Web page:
After refusing to undergo a routine background check by the New Mexico Senate, Harrison Schmitt, the Martinez administration's nominee for secretary of the Energy, Minerals and Natural Resources Department, has withdrawn his nomination.

---

Updated 8pm Tuesday:

According to a press release sent out by Martinez' office, Schmitt's refusal to submit to the background check is the reason for his withdrawal. From the Martinez administration's release:

“Senator Schmitt is a former NASA astronaut who underwent a complete background check by the Department of Public Safety as part of his nomination process.

“Senator Schmitt was willing to allow a private investigator access to his personal information, but he was not willing to waive that investigator’s liability for any improper actions or use of that information. While one can understand Senator Schmitt’s concerns, complying with the Legislature’s request is necessary to restore public confidence in state government. That’s why I am requiring all of my cabinet secretary designees to comply with that request and this has led to Senator Schmitt withdrawing his nomination. 

“I wish Senator Schmitt the best in his future endeavors and I will work swiftly to find a qualified replacement to lead New Mexico’s Energy, Minerals and Natural Resources Department.”

Schmitt, a former astronaut and US Senator, has made headlines for his stance on global warming, which he called "a political tool" in 2009. Martinez nominated him to head the EMNRD, a department that includes mining, oil and gas, forestry and the Youth Conservation Corps, among other divisions.

State Sen. Linda Lopez, D-Bernalillo, chairs the Senate Rules Committee, which will begin holding confirmation hearings near the end of this month. Today, Lopez announced that Schmitt is refusing to submit to a background check.

"He had some concerns," Lopez tells SFR. "He just didn't want to and refuses to go through the background check."

In a statement released this afternoon, Lopez writes:

"I sympathize with Mr. Schmitt's and all conferees' discomfort when it comes to the background check process." According to that statement, here's what said background check entails:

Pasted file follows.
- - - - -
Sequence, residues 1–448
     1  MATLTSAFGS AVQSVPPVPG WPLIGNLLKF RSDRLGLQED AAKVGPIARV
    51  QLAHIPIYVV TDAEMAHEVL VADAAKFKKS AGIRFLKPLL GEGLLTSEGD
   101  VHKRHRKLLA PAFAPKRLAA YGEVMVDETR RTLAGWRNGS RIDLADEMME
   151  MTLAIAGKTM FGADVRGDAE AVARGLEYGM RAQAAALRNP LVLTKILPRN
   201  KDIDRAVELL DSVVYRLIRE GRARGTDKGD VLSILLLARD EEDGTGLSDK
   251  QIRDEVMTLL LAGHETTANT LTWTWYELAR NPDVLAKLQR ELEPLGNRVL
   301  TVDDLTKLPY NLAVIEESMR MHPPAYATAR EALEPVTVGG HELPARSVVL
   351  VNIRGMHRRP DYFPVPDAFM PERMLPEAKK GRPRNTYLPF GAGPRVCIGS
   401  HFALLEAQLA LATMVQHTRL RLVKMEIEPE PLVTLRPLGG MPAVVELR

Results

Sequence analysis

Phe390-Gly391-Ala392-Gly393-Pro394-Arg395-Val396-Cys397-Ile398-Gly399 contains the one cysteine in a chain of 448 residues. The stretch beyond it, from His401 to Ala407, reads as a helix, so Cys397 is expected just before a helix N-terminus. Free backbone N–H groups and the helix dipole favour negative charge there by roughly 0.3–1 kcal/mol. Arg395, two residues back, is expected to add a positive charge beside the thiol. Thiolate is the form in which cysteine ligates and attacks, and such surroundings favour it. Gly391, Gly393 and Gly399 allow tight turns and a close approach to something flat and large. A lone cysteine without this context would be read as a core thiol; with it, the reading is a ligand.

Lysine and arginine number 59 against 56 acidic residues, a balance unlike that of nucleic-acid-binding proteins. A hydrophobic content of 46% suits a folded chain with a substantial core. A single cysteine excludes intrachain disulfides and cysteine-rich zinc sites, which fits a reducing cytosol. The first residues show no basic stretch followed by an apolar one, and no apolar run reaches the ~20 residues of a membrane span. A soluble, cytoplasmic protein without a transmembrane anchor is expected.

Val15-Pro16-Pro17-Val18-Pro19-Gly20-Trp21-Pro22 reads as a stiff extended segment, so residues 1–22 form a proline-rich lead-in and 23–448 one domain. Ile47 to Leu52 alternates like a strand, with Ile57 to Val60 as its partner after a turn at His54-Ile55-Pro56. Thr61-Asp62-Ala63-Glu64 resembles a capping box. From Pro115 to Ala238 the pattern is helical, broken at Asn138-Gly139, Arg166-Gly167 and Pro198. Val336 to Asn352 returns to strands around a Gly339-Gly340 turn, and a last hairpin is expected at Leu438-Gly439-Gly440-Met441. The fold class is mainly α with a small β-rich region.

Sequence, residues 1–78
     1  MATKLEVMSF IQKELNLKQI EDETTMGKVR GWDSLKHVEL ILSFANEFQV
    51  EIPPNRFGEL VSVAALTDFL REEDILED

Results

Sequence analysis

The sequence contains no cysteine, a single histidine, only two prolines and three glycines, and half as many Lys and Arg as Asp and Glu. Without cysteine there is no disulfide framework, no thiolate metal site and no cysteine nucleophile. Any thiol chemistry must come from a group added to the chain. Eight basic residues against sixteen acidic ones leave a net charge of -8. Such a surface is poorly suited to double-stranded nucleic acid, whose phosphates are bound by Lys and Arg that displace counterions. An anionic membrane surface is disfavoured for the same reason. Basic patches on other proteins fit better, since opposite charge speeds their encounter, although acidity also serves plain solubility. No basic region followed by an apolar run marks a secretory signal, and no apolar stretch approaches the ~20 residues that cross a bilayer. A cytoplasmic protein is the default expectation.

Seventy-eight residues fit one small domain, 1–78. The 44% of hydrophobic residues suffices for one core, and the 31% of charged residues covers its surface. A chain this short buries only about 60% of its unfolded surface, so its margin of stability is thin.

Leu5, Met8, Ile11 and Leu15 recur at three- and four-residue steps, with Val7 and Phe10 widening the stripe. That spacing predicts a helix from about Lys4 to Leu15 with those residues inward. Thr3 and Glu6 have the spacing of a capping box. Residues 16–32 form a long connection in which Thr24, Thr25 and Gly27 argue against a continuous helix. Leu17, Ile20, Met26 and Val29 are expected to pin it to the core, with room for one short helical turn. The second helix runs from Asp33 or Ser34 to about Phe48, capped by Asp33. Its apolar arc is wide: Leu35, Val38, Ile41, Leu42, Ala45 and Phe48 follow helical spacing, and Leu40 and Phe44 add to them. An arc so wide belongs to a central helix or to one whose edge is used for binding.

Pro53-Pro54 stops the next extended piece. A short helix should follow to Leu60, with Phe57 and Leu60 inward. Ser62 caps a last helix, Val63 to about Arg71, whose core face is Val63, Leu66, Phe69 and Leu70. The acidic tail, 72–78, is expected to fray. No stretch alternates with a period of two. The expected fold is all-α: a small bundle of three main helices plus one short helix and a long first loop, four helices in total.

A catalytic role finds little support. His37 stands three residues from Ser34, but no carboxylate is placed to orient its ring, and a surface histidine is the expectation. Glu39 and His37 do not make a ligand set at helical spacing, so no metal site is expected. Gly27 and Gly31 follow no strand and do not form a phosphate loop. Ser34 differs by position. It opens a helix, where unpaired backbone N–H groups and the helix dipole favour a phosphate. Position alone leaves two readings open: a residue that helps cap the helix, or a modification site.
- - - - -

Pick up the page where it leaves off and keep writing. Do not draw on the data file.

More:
-"a search for any prior criminal convictions and of Federal Civil Court Records"

-"verification of appointees' assertions related to financial circumstances or improprieties such as bankruptcies, tax liens, and outstanding loans"

-"a review of disclosure statements related to potential conflicts of interest and ownership in business entities."

To assume that Schmitt is refusing a background check because his financial or legal ducks aren't in a proverbial row would be unfair. But it certainly doesn't bode well for government transparency. (See relevant video below.)

Lopez tells SFR that, technically, the Senate Rules Committee could approve Schmitt in spite of his refusal to submit to a background check.

But, she says, "Every other designee the Governor has appointed has already signed--they are signing the paperwork to go through background check. My question would be, of course, to my own membership and my colleagues in my chamber: Do we allow one to serve without going through the process while everybody else is?"

The Rules Committee will discuss Schmitt's refusal during its meeting next Monday, Feb. 14, at 8 am in the Roundhouse (Room 321, if you're inclined to make an appearance at what's sure to be a heated hearing).

Schmitt's refusal, Lopez' statement reads, "has left me with no choice but to oppose his confirmation."  But even before that development, Lopez tells SFR many of her constituents had contacted her to express opposition to Schmitt's confirmation.

"We are in the era of transparency and open government," Lopez adds. "The question that I have is that, in light of one of [Martinez'] nominees not willing to go through the background check, where does the issue on transparency sit?"

You can read Lopez' full statement here.

YouTube video by RNikolewski.